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By David Zurawik and David Zurawik,SUN TELEVISION CRITIC | May 3, 1998
It's Thursday night on the seventh floor of Hagerstown Hall dorm, and there's a party going on.Well, sort of a party.In the lounge, there are three giant bags of potato chips, two huge platters of chocolate chip cookies and a couple of cases of soft drinks. There are also 15 or so University of Maryland, College Park students in cutoffs, sweats, jeans and gym shorts eating, drinking and waiting for the start of "Seinfeld."Other dormies wander in and out. One woman dries her hair in preparation for a date that she says "will probably be totally Elainesque"; one guy slides in the door like Cosmo Kramer.
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NEWS
By Justin Fenton and Peter Hermann, The Baltimore Sun | April 26, 2012
UPDATE : The Baltimore State's Attorney's Office said authorities will speak about the arrest at a 1 p.m. news conference at city police headquarters. An arrest has been made in connection with the killing of Phylicia Barnes, the 16-year-old from North Carolina who vanished while visiting family in Northwest Baltimore in 2010 and was found dead months later in the Susquehanna River. Word broke late Wednesday from Barnes' relatives, and was confirmed by authorities. The attorney for Michael Johnson, the former boyfriend of Phylicia's older sister, confirmed that his client had been taken into custody at about 11:30 p.m. on unknown charges.
NEWS
By Stephanie Shapiro and Stephanie Shapiro,SUN STAFF | April 17, 1998
Sharon Fenick first heard the figure of speech "rule of thumb" cited as a sexist pejorative during her freshman year at Harvard seven years ago.The phrase was invoked in a lecture as an example of domestic abuse permitted by British common law. The rule of thumb, according to the professor, was a law that allowed a man to beat his wife so long as the rod used was no thicker than his thumb. But over the centuries, the term had evolved into vernacular for an "approximate measure.""It sounded very believable to me," says the 24-year-old Fenick, now in her third year of law school at the University of Chicago.
NEWS
By Jennifer McMenamin and Jennifer McMenamin,sun reporter | May 11, 2007
A Baltimore County jury convicted former UMBC student John C. Gaumer of murder and rape yesterday in the beating death and sexual assault of a woman he had met online, capping four days of evidence and testimony that a prosecutor acknowledged to jurors was as shocking as it was graphic. The verdicts - announced to a packed courtroom about 4:30 p.m. after jurors deliberated for less than five hours - set up a capital sentencing hearing scheduled to begin Monday. With the jury convicting Gaumer of both first-degree murder and first-degree rape - a charge that serves as an "aggravating circumstance" under Maryland's death penalty statute - prosecutors will seek a death sentence.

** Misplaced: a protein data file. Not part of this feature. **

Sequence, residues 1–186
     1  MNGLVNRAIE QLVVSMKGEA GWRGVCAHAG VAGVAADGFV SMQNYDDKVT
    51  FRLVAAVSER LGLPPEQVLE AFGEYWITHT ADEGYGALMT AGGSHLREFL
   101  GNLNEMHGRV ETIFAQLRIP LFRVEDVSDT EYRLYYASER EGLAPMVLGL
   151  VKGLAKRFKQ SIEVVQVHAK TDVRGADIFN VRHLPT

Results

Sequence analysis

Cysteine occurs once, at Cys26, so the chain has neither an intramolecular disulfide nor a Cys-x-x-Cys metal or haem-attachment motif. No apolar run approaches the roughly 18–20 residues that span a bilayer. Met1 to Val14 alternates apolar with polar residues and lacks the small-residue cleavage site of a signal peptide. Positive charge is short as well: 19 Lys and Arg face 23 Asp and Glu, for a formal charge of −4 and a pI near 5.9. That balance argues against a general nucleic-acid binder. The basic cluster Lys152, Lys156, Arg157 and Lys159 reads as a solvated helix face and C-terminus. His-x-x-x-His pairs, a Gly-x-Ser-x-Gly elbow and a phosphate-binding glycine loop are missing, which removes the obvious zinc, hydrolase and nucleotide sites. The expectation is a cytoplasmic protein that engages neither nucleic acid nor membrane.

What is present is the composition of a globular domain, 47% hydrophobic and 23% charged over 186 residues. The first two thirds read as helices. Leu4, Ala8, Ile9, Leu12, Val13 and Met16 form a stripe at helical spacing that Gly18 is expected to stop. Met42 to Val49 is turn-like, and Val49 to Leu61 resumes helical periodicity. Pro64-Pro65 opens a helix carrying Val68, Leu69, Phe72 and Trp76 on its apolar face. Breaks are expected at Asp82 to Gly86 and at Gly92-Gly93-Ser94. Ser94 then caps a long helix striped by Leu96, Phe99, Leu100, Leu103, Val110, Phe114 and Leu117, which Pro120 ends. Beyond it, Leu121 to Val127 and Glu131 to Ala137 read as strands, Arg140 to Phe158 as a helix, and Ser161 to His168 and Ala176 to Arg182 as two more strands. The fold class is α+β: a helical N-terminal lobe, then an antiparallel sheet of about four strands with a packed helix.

NEWS
March 7, 1997
In an article in yesterday's editions about Gov. Parris N. Glendening's appearance in "Homicide: Life on the Street," a sentence about the governor was inadvertently edited into a quote and attributed, incorrectly, to Raymond C. Feldmann, a gubernatorial spokesman. The Sun regrets the error. Pub Date: 3/07/97
NEWS
June 20, 1997
An article in yesterday's Howard County edition of The Sun inadvertently listed two performance dates for Arturo Sandoval and Nestor Torres during the Columbia Festival of the Arts. Sandoval and Torres will perform at 8 p.m. Saturday, June 28, in the River Hill High School auditorium.The Sun regrets the error.Pub Date: 6/20/97
NEWS
July 8, 1994
Joseph Bartenfelder, who is running for the Democratic nomination for the 6th District Baltimore County Council seat, was omitted inadvertently from the candidate list yesterday in The Sun and some editions of The Evening Sun.The Sun regrets the error.
NEWS
March 5, 1995
In the Howard edition of The Sun last Sunday, a photo of two teen-agers playing pool was inadvertently published with articles headlined "Violence among youths shows innocence lost in the suburbs." In fact, the articles and photo (above) had nothing to do with each other.* The Sun regrets the error.
NEWS
August 26, 1994
A list of candidates who passed the Certified Public Accountants examination, which appeared in the Business section Aug. 15, inadvertently omitted six names. They are: John Norris Babbitt, Joseph Alan Bailey, Michael Kent Bantner, Susan Mary Blomgren, Alan Louis Kaplan and Colleen Honore Ryan.The Sun regrets the errors.
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